Video: Jaguar XJ220-Powered Ford Transit Van Shocks Bystanders

When it comes to sleepers, this inconspicuous Ford Transit van tops the list. Powered by a 3.5-liter, twin-turbocharged V6 from Jaguar Sport, the 540 horsepower available ought to provide more than enough to leave cocky Ferrari owners with their jaws dropped when it blitzes them between stoplights.

It’s more than just an unsuspecting dragster, too. This particular Transit was used as a test bed to help develop Jaguar’s XJ220 back in the late 1980s, and as such, received the brakes and the suspension from the swoopy hypercar. Therefore, it’s capable of holding its own on the track, as our man Justin Law is happy to demonstrate.


Back in the late ’80s, the Benetton Formula 1 team used Ford DFR engines, and were given access to the pre-production Transit vans to move parts and personnel. As it happened, this van was eventually parked in the garage of a certain Tom Walkinshaw, who was closely affiliated with Benetton at the time, and several years later, he needed something to begin developing the then-new Jaguar XJ220’s engine. Using the dusty Transit van collecting cobwebs in the corner of his garage, he mounted the motor just ahead of the rear axle and began his work.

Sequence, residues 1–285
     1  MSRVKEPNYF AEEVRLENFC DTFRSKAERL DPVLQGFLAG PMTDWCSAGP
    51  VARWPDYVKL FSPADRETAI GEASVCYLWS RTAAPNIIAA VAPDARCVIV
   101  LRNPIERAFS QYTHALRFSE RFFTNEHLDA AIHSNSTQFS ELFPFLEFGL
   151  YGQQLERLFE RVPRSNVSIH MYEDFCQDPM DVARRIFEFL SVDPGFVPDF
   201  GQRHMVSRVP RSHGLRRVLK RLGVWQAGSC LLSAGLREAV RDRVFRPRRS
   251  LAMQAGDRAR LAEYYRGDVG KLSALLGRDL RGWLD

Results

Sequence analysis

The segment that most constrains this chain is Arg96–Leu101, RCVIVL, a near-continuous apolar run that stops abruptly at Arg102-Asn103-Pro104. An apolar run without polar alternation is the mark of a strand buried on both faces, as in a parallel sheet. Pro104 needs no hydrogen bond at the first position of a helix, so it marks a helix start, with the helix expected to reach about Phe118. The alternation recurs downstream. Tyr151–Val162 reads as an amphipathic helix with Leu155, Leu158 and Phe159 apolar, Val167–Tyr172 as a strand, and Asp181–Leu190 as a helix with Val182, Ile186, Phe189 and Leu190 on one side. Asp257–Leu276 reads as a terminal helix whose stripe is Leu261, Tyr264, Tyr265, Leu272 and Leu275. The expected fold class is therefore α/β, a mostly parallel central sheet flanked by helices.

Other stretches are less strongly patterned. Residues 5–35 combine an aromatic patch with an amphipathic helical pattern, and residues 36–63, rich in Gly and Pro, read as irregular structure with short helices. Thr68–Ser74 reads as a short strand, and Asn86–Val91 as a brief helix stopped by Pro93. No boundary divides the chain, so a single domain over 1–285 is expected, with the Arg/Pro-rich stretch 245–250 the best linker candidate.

Aside from the XJ220 wheels, there’s nothing giving away what’s under the skin. Photo credit:

Since the swapped van initially used the standard Transit suspension, wheels, and brakes, it plowed horribly any time he touched the throttle mid-corner. When Justin Law bought the van years later, he modified it with an XJ220’s hubs, brakes, and heavily-cambered tires in an effort to rid the sleeper of its terminal understeer, harness the incredible thrust of the motor, and offer some mid-corner confidence. Penske shocks up front and Ohlins in the rear allow for a little more body control and gives Law, of this year’s Goodwood hillclimb, the confidence to hustle it without fear of topping over.

About the author

Tommy Parry

Tommy Parry has been racing and writing about racing cars for the past seven years. As an automotive enthusiast from a young age, he worked jobs revolving around cars throughout high school, and tried his hand on the race track on his 20th birthday. After winning his first outdoor kart race, Tommy began working as an apprentice mechanic to amateur racers in the Bay Area to sharpen his mechanical understanding. He has worked as a track day instructor and automotive writer since 2012, and continues to race karts, formula cars, sedans, and rally cars in the San Francisco region.
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